Halper, an American professor who reportedly is deeply connected with British and American intelligence agencies, has been widely reported as a confidential source for the FBI during the bureau’s original investigation into whether the Trump campaign was colluding with Russia during the 2016 election.

During the 2016 campaign, Halper contacted several members of the Trump campaign, including former foreign policy adviser George Papadopoulos and former Trump campaign aide Carter Page.

Papadopoulos told Fox News that he met with Halper and his female associate, who went under the alias Azra Turk. Papadopoulos also told Fox News that he saw Turk three times in London: once over drinks, once over dinner and once with Halper. He also told Fox News last year that he always suspected he was being recorded.

Professor Stefan Halper is at the center of a Pentagon whisteblower complaint, documents show.
(Voice of America, File)

The subpoena also requires Halper to disclose documents related to “unmasking,” a process the committee is investigating.

Committee Chairman Ron Johnson, R-Wis., and Sen. Chuck Grassley, R-Iowa, earlier this year, made public a list of Obama officials who purportedly requested to “unmask” the identity of Michael Flynn, who at the time was Trump’s incoming national security adviser.

Unmasking occurs after U.S. citizens' conversations are incidentally picked up in conversations with foreign officials who are being monitored by the intelligence community. The U.S. citizens' identities are supposed to be protected if their participation is incidental and no wrongdoing is suspected.

TRUMP AUTHORIZES FULL DECLASSIFICATION OF RUSSIA PROBE, CLINTON EMAIL DOCS

Officials, however, can determine the U.S. citizens' names through a process that is supposed to safeguard their rights. In the typical process, when officials are requesting the unmasking of an American, they do not necessarily know the identity of the person in advance.

The roster featured top-ranking figures including then-Vice President Joe Biden, then-FBI Director James Comey, then-CIA Director John Brennan, then-Director of National Intelligence James Clapper and Obama’s then-chief of staff, Denis McDonough.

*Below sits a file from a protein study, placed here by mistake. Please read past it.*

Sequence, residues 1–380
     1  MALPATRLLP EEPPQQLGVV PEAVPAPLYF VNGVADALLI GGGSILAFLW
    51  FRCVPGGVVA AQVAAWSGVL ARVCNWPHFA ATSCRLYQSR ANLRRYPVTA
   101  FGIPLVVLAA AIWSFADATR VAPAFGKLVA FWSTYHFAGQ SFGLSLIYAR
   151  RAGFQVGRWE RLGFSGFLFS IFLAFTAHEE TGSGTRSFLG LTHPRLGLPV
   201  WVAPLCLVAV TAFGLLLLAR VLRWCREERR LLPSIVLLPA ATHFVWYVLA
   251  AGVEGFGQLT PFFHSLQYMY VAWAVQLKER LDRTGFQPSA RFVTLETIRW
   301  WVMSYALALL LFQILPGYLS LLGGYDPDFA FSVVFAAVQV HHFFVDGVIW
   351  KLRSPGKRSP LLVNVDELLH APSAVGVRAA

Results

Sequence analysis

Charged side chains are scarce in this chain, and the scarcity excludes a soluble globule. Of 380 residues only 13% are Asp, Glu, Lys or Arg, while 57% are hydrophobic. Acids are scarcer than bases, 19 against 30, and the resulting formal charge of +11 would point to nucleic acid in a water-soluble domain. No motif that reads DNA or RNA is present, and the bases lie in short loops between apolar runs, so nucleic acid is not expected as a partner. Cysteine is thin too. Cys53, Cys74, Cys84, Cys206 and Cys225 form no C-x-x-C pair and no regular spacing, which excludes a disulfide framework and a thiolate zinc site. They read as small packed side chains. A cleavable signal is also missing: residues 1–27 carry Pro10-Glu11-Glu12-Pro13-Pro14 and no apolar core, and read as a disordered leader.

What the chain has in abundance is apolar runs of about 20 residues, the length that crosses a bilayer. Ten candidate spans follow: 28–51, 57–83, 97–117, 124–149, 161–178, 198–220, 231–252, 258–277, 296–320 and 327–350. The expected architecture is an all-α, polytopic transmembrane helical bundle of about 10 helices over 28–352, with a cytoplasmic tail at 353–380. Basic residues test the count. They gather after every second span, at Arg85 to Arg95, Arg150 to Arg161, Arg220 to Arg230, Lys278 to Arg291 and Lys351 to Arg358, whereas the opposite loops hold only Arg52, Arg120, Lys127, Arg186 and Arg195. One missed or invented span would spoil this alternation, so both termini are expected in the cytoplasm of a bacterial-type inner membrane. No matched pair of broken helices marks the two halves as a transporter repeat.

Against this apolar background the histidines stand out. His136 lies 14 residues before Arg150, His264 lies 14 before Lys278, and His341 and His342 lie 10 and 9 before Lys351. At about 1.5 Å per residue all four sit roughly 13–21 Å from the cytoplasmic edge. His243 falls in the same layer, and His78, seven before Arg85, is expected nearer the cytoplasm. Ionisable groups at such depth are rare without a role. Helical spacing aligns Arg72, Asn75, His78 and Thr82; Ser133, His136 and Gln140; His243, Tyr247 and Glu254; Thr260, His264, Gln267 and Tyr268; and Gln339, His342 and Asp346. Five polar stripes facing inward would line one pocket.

The Justice Department also, at the time of the release of the names, revealed that U.S. Attorney John Durham from Connecticut, who is reviewing the origins of the Trump-Russia probe, was also investigating the so-called unmasking of Trump campaign associates as part of his broader review.

Acting U.S. Attorney for the Western District of Texas Gregg Sofer is also reviewing the process of unmasking, taking over the probe from former U.S. Attorney John Bash, who announced his resignation from the Justice Department earlier this week.

The subpoena of Halper comes after Johnson was granted authority to issue subpoenas for former CIA Director John Brennan, former Director of National Intelligence James Clapper, former FBI Director James Comey, and other Obama administration officials as part of its broad review into the origins of the Russia investigation.

DNI DECLASSIFIES BRENNAN NOTES, CIA MEMO ON HILLARY CLINTON 'STIRRING UP' SCANDAL BETWEEN TRUMP, RUSSIA

The committee last month held a business meeting to authorize committee Johnson to issue notices for taking depositions, subpoenas, for records, and subpoenas for testimony to individuals relating to the panel’s “Crossfire Hurricane” investigation, the Justice Department inspector general’s review of that investigation, and the “unmasking” of U.S. persons affiliated with the 2016 Trump campaign, transition team and the Trump administration.

The committee also authorized subpoenas for Sidney Blumenthal, former Obama chief of staff Denis McDonough, former FBI counsel Lisa Page, former FBI agent Joe Pientka, former ambassador to the United Nations Samantha Power, former FBI director of counterintelligence Bill Priestap, former White House national security adviser Susan Rice, former FBI agent Peter Strzok, former FBI lawyer Kevin Clinesmith – who pleaded guilty to making a false statement in the first criminal case arising from U.S. Attorney John Durham's review of the investigation into links between Russia and the 2016 Trump campaign – among others.

The committee further authorized subpoenas for “the production of all records” related to the FBI’s original Russia investigation and the Department of Justice Inspector General’s probe, as well as the process of “unmasking” for James Baker, former FBI Deputy Director Andrew McCabe, DOJ official Bruce Ohr, FBI case agent Steven Somma, former U.S. Ambassador to Russia John Teftt, former deputy assistant attorney general Tashina Gauhar; and Halper.